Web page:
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Zulu Nation Apologizes to Afrika Bambaataa’s Alleged Molestation Victims

NEW YORK - FEBRUARY 28: Hip hop pioneer Afrika Bambaataa speaks during a press conference to announce the launch of The Smithsonian's "Hip-Hop Won't Stop: The Beat, The Rhymes, The Life" at the Hilton Hotel February 28, 2006 in New York City. (Photo by Scott Gries/Getty Images)

On Tuesday, the Zulu Nation — the organization Afrika Bambaataa founded — apologized to the victims of the “Planet Rock” producer’s alleged sexual abuse. Just weeks ago, the group defended Bambaataa and said that Ronald Savage, who made the first accusation, was “mentally challenged.”

“We extend our deepest and most sincere apologies to the many people who have been hurt by the actions of Afrika Bambaataa and the subsequent poor response of our organization to allegations leveled against him,” the statement reads. The apology was signed by nearly three dozen members of the Zulu Nation, including leaders from as far as New Zealand, according to the Daily News.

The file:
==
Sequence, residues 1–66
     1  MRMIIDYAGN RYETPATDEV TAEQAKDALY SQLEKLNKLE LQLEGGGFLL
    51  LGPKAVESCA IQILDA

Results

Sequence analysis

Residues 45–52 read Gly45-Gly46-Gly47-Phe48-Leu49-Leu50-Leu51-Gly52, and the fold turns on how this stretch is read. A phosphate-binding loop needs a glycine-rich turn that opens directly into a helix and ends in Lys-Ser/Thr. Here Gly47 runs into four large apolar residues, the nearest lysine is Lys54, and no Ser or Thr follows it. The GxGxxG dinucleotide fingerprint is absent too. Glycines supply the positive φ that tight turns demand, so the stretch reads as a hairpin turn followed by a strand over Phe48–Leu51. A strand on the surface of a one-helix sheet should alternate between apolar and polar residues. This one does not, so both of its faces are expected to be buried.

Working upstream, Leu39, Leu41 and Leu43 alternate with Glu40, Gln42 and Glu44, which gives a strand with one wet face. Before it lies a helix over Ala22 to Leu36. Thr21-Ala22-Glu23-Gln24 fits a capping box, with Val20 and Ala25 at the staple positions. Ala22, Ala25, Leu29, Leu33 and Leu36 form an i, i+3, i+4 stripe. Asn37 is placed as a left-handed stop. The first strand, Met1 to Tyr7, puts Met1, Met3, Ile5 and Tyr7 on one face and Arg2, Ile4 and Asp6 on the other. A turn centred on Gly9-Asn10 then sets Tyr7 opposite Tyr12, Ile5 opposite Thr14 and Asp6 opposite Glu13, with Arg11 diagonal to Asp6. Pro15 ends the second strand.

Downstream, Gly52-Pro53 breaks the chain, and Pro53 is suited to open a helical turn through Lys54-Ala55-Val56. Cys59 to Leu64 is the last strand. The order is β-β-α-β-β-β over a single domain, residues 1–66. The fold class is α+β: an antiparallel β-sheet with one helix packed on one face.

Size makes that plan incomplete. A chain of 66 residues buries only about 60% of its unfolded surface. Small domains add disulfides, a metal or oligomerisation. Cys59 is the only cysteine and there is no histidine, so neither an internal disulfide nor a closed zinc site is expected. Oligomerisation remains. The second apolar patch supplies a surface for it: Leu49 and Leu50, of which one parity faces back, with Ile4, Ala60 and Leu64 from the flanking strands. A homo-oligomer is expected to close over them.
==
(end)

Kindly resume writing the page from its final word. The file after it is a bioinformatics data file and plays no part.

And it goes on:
Zulu King EL One, the group coordinator for New York, New Jersey, and Connecticut, also said that the Zulu Nation’s prior defense of Bambaataa was made by older members who were the hip-hop pioneer’s friends.

Four men have accused Bambaataa of molesting them when they were children; Savage says the abuse started happening when he was 12 years old. Although he has defended himself on radio and television, neither Bambaataa — who was effectively kicked out of his leadership role in early May —  nor his attorney Charles Tucker Jr. has responded to the Zulu Nation’s statement. Savage believes the apology is “too little too late.”

“They should have done this in the beginning instead of disrespecting me and the Daily News,” he said.